I had always thought that a mountain bike race would be extremely technical but looking at this race I could see how a road racer would do well. There are some long, flat sections, both paved and unpaved, and if you could work it properly you could gain a lot of time. One of the riders, an Olympic mountain biker, was using drop handlebars to obviously take advantage of these sections of road and get aero. Lance Armstrong quickly showed his tactical sense and worked with another rider to set a blistering pace at the front. Since many of the climbs were fairly open, given Lance’s ascending skills it was obvious to me that he would continue to gain time on the pure mountain bike racers and this was the case. He even rode through the feed zone like a Tour de France champ, grabbing a musette and eating on the fly. And for comic relief, we had the opportunity to see him attempt to fix a flat.  I do have to point out that he rides the entire muddy, rainy, slippery course wearing white shoes.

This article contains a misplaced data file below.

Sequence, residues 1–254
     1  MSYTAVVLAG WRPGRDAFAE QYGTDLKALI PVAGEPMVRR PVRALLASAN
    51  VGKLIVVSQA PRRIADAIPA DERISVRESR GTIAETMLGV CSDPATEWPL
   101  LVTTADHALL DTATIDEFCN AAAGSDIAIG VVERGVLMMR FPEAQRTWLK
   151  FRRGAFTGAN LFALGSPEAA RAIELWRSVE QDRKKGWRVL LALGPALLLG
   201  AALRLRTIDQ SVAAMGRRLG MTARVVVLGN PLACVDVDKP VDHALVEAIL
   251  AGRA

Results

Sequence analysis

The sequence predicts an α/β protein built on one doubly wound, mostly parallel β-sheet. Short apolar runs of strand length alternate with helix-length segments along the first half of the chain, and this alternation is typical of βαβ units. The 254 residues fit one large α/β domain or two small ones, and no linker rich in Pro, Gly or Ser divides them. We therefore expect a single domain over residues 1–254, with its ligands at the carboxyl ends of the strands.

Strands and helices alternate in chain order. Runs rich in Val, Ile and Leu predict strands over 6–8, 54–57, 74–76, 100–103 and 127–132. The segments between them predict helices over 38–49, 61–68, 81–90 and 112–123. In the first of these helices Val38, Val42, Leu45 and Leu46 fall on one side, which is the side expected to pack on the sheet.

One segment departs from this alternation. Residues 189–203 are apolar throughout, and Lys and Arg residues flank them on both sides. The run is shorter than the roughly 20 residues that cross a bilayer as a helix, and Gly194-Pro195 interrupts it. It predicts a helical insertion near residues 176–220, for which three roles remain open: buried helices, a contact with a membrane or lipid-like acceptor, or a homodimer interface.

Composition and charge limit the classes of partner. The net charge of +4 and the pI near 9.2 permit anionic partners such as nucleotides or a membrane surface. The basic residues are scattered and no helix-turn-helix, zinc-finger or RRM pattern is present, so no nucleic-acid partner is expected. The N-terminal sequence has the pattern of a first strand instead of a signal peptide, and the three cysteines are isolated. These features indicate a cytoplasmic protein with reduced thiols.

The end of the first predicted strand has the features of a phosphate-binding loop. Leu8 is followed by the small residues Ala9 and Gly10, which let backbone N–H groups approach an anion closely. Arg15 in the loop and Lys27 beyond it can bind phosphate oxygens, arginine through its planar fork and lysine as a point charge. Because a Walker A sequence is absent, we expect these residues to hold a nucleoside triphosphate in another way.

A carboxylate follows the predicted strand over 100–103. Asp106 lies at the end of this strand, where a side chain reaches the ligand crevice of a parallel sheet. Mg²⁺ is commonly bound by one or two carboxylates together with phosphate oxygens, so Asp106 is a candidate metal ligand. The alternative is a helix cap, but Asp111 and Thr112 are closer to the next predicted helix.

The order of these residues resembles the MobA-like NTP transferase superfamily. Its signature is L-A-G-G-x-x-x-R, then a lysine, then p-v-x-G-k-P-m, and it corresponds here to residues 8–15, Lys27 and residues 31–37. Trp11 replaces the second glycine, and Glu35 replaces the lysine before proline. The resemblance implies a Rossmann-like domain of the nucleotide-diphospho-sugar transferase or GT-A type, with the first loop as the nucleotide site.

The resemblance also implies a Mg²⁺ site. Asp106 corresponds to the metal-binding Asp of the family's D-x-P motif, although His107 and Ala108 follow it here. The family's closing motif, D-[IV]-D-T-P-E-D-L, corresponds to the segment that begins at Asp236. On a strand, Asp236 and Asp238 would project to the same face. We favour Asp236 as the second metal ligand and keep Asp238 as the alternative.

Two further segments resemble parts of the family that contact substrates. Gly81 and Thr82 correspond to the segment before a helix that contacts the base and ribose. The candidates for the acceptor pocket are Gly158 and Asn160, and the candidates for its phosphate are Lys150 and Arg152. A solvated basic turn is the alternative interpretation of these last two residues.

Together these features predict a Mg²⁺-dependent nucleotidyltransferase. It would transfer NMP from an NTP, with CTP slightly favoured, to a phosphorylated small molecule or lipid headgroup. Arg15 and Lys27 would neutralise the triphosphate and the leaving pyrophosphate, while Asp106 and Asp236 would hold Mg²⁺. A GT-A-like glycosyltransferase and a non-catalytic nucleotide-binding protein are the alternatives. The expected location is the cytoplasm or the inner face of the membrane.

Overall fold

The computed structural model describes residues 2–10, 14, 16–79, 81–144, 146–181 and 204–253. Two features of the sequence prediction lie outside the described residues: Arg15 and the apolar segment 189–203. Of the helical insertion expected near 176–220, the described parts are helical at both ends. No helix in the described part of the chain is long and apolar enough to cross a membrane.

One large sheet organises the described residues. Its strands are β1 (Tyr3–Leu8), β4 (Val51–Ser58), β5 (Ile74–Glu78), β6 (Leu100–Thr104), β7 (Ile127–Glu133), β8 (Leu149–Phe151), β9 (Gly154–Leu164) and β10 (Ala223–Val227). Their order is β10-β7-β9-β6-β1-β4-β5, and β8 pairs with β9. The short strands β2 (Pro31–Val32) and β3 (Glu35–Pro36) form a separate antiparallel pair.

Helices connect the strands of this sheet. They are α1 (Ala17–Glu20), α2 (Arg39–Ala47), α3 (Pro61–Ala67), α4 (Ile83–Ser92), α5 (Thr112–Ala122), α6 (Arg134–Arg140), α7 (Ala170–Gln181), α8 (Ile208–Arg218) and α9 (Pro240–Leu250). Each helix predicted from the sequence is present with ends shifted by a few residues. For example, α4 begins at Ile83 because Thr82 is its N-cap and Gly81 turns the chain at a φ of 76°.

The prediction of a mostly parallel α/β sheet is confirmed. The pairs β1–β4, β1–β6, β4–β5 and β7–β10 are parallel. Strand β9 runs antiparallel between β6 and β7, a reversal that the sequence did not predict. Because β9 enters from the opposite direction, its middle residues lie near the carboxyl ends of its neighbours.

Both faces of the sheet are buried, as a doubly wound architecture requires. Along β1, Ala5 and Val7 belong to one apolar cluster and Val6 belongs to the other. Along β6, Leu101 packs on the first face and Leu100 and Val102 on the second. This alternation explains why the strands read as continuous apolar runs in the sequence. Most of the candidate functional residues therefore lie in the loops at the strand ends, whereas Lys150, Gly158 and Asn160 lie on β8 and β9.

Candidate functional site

In spite of knowing what the outcome of the race would be, I found it exciting to watch this impressive event, rolling through wonderful scenery. Parts of the course are simply brutal–one section called the Pipeline follows a right-of-way and seems to be made of rocks and dirt stacked vertically. Remember, cyclists have to descend this on the way out, and climb it on the way back. To add to the fun, the slower participants had the opportunity to enjoy a hail storm as they climbed the highest mountain, which gets you to almost 13,000 feet. At no point is the course under 9,000 feet.